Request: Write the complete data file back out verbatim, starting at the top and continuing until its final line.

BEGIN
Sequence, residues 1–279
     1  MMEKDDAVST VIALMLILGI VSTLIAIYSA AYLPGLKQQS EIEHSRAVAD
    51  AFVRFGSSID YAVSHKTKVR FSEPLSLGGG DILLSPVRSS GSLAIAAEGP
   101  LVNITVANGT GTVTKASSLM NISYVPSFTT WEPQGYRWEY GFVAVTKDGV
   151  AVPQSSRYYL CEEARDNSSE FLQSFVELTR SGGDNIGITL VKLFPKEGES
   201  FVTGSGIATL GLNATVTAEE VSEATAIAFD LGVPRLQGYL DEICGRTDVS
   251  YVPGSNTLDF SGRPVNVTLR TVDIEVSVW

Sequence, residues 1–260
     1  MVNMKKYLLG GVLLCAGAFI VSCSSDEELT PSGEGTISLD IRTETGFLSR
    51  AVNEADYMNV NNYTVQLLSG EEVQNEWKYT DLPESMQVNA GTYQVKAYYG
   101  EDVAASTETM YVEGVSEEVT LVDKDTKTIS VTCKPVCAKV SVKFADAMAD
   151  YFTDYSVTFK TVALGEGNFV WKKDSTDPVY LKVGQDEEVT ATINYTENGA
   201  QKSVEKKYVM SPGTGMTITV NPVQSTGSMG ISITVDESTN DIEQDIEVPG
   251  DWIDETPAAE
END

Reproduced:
Sequence, residues 1–279
     1  MMEKDDAVST VIALMLILGI VSTLIAIYSA AYLPGLKQQS EIEHSRAVAD
    51  AFVRFGSSID YAVSHKTKVR FSEPLSLGGG DILLSPVRSS GSLAIAAEGP
   101  LVNITVANGT GTVTKASSLM NISYVPSFTT WEPQGYRWEY GFVAVTKDGV
   151  AVPQSSRYYL CEEARDNSSE FLQSFVELTR SGGDNIGITL VKLFPKEGES
   201  FVTGSGIATL GLNATVTAEE VSEATAIAFD LGVPRLQGYL DEICGRTDVS
   251  YVPGSNTLDF SGRPVNVTLR TVDIEVSVW

Sequence, residues 1–260
     1  MVNMKKYLLG GVLLCAGAFI VSCSSDEELT PSGEGTISLD IRTETGFLSR
    51  AVNEADYMNV NNYTVQLLSG EEVQNEWKYT DLPESMQVNA GTYQVKAYYG
   101  EDVAASTETM YVEGVSEEVT LVDKDTKTIS VTCKPVCAKV SVKFADAMAD
   151  YFTDYSVTFK TVALGEGNFV WKKDSTDPVY LKVGQDEEVT ATINYTENGA
   201  QKSVEKKYVM SPGTGMTITV NPVQSTGSMG ISITVDESTN DIEQDIEVPG
   251  DWIDETPAAE